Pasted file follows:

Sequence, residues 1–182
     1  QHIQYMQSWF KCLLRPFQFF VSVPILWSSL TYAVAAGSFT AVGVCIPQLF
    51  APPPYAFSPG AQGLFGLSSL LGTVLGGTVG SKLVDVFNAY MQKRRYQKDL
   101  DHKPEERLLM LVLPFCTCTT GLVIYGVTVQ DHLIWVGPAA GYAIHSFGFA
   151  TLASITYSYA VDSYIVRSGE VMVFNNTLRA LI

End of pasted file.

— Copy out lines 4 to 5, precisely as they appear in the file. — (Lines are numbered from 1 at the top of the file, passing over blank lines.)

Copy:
   101  DHKPEERLLM LVLPFCTCTT GLVIYGVTVQ DHLIWVGPAA GYAIHSFGFA
   151  TLASITYSYA VDSYIVRSGE VMVFNNTLRA LI